In search of lost tapes

What should you do if the thought of losing a container full of tape cartridges keeps you awake at night?

I have two suggestions in regards to keeping your data safe: First, start encrypting your backups, at least those that you know will travel. No ifs, no buts, just do it. The second suggestion? See suggestion No. 1.

That may sound repetitive (and perhaps pigheaded), but there is no better way to protect customer and employee data from disclosure than encryption. Of course, although encryption renders your data unreadable, it won't help you find those tapes.

A new service that Fujifilm expects to ship next year could be a perfect complement to encryption by making it easier to locate lost or misplaced tapes -- half-inch cartridges, in particular, because the Fujifilm Tape Tracker resembles those tapes exactly, hiding GPS and triband cell phone capabilities inside. Slide one in your tape container, and nobody will know it's there.

Fujifilm also plans to offer a Web-based service to enables customers to pinpoint the Tape Tracker's location on a map and receive status information such as battery charge levels.

Another interesting application is to follow the itinerary of a tape shipment, recording the progress at fixed intervals on a map in your browser.

Want to make sure the cartridges that contain critical data don't leave the safe surroundings of a tape vault? No problem, just draw a boundary line -- Fujifilm calls that Geo-Fencing -- around your vault and the application will raise an alarm if the device moves out of that area.

The three scenarios above should cover most requirements, but Fujifilm plans to also offer an SDK to customers who want to write their own code or prefer to integrate the application with their own management software.

It's a pity that Fujifilm is not releasing images of those applications to the press for now -- the company is still hammering down a few details, I am told -- because the Web service demo I saw was quite convincing. The price is also worthwhile, with a per-device cost of less than US$1,000 and a monthly service charge around US$45.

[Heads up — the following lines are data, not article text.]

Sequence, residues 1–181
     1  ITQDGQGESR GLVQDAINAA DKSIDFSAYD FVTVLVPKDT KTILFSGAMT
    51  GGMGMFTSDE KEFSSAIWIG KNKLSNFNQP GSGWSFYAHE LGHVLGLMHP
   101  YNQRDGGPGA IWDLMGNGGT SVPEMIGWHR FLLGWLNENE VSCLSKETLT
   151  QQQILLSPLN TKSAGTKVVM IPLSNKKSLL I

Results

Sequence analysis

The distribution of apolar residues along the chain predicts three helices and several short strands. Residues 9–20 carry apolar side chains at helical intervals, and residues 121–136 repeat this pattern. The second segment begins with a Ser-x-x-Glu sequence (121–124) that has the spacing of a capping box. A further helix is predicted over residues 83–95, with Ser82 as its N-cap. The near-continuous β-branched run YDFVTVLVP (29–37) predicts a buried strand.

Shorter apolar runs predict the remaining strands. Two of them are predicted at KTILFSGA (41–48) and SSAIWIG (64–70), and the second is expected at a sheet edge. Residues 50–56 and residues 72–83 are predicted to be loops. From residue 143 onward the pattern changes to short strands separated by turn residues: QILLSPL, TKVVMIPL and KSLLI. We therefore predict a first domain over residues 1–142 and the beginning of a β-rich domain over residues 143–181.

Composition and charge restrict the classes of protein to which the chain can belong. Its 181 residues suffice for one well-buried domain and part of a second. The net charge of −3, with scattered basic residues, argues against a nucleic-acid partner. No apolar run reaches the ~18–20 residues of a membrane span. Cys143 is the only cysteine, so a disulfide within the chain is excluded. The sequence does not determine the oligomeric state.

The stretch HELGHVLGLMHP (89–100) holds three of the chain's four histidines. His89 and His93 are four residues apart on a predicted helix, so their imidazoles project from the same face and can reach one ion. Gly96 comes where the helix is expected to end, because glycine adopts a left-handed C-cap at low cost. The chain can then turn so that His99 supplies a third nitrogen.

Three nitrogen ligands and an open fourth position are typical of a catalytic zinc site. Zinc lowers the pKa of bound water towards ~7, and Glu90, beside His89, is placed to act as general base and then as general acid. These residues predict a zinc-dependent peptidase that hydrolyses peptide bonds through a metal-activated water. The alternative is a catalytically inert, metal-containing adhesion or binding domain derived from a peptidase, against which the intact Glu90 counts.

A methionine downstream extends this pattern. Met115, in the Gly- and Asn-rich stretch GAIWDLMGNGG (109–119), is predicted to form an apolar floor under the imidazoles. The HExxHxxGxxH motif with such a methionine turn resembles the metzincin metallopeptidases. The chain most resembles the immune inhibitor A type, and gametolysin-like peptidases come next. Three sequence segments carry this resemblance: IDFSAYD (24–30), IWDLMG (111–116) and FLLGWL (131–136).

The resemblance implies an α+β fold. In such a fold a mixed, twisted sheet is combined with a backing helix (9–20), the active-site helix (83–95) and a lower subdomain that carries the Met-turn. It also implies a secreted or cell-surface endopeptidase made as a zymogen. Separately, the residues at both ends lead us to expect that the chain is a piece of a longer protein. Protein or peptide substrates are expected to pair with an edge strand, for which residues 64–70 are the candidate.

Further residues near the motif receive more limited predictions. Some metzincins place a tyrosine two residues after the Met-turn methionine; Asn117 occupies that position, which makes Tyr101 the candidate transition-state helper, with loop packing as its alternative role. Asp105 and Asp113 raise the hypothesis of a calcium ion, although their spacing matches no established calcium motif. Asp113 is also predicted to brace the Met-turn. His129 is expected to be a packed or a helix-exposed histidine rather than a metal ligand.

Other aspects, such as the battery life and the accuracy of the GPS, leave me a bit perplexed. For example, my Garmin Nuvi gets somewhat "blinded" when I drive under a thick tree canopy; will the Tape Tracker be similarly impaired when locked in a tape container inside a truck?

"This is not a consumer-grade GPS system such as those you find in phones and other devices," explains Daniel Greenberg, new product planning manager for the recording media division at Fujifilm. "It's an industrial-grade, 1,000-times-more-powerful system, which is what sets us apart."

Noted, but how long the battery lasts remains a critical aspect of the Tape Tracker. In fact, the device can be configured to meet different requirements and to maximize the duration of the battery charge.

For example, to track the full itinerary of a shipment, the Tape Tracker could be set to come alive every 20 minutes to acquire its coordinates and transmit them via the cellular network before returning to sleep mode.

In that configuration, the battery charge should last for at least one week, but more frequent transmissions would shorten that time. For other applications (Geo-Fencing, for example), the Tape Tracker could be configured to wake up only when it senses motion, which should also make the battery last much longer.

In fact, Fujifilm estimates that the battery should last one year if the Tracker is set to wake up once a day, which opens some interesting additions to your disaster recovery procedures, such as checking that a critical container is still where it's supposed to be.

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Mario Apicella

InfoWorld
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